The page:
I soon discovered this same type of standard (the busier the better) evident outside of school as well – within the climate at the medical center where I worked, on the playground with parents championing unsustainable extra-curricular obligations on behalf of their children, and even at the meditation center with practitioners shoe -horning in a steady stream of day-longs and residential retreats into an already spiritually-bursting calendar.
Busyness, defined not by hard work but by multitasking (e.g., Charlton 2006), has been promoted by our culture and internalized by individuals as a yardstick for self-worth. And yet, cognitive science has shown that busyness and multitasking come at a cost (Courage et al 2015). For example, attending to two or more tasks at once can impair one’s performance. And, simply living near a busy road has been found to correlate with an increased risk of cardiac disease and hypertension (Pindus, Orru and Modig 2015)!
On the other hand, increased mindfulness of one’s experience (e.g., paying attention to one thing at a time) as well as acceptance of it has been found to reduce biological stress reactivity, lowering cortisol levels and systolic blood pressure (Lindsay et al 2018). Slowing down and savoring events in the present moment has been found to enhance positive experiences (Quoidbach et al 2010).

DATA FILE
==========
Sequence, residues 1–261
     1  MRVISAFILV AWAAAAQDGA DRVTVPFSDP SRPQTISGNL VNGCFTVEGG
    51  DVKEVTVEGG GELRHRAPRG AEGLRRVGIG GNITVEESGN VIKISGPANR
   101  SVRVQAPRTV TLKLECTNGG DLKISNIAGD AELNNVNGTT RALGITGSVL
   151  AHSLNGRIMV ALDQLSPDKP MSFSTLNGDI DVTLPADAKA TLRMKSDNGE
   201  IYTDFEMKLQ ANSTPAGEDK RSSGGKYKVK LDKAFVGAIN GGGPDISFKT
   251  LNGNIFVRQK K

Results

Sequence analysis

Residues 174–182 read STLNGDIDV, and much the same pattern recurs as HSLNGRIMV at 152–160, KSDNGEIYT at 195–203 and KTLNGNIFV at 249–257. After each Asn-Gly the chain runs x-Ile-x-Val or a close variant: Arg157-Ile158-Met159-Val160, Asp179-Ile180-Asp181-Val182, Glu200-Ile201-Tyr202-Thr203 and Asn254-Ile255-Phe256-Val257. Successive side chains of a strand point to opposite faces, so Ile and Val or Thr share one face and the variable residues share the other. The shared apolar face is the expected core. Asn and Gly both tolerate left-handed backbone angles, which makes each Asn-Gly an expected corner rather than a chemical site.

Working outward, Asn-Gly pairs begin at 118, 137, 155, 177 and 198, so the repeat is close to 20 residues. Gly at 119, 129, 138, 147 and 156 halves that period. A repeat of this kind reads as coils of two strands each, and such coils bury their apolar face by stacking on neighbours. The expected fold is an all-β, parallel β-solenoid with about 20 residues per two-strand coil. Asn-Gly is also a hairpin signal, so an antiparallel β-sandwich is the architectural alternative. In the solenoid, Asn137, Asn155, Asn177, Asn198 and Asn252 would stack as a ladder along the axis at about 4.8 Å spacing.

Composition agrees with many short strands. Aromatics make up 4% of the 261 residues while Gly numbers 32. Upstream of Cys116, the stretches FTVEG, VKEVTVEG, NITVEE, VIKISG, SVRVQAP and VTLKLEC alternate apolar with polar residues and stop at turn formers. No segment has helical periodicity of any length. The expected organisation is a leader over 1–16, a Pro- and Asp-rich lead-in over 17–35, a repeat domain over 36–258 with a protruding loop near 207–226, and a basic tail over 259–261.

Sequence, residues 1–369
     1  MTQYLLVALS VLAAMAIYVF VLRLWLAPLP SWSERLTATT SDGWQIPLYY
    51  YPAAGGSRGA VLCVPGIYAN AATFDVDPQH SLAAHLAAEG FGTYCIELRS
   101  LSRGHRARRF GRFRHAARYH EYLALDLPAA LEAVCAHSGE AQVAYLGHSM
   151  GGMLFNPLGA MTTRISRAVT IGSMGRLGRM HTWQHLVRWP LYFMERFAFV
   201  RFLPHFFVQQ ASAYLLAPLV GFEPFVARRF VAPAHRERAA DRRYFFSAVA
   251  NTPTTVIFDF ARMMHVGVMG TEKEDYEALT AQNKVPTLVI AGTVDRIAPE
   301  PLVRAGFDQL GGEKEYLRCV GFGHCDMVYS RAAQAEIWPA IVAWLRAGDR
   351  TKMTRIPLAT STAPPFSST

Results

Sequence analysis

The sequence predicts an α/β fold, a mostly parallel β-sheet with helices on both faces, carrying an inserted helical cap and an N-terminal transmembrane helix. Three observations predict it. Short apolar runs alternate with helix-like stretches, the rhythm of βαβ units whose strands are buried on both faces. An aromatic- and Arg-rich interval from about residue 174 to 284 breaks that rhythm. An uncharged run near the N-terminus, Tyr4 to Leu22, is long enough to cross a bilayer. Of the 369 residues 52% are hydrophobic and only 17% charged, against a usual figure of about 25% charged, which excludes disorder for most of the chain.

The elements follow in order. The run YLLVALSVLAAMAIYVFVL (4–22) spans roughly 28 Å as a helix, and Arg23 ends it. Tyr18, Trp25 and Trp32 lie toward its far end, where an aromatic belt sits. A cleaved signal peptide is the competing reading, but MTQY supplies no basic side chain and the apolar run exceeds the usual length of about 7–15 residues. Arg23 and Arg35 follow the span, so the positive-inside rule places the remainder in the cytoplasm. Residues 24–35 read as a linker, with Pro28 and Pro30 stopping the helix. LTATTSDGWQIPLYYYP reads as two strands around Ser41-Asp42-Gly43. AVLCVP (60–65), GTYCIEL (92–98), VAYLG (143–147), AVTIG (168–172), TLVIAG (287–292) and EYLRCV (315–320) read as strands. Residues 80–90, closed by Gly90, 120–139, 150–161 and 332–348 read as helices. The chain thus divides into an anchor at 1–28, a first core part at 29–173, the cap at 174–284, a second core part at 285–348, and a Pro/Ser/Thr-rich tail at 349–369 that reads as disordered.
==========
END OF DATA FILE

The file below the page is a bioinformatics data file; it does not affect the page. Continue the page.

The Slow Movement was launched in the late eighties, emphasizing a thoughtful pacing and savoring of life in its many expressions such as in food, fashion, media, counseling, travel, gardening, education, among others. The movement prioritizes the spirit in which life is lived above the speed in which it is executed, the quality and sustainability of experience over the quantity of output.
Bravo to the Slow City or CittaSlow Movement that has expanded to included ten countries around the world promoting the following mission:
“The recurrent theme of Cittaslow is identity: the soul of the local communities engages with modernity without being unduly influenced by globalization. Our responsibility towards the natural world and the coming generations requires us to be frugal and concerned for Mother Earth. Rediscovering Slowness means choosing a future of quality, for ourselves and, in the spirit of solidarity, for others.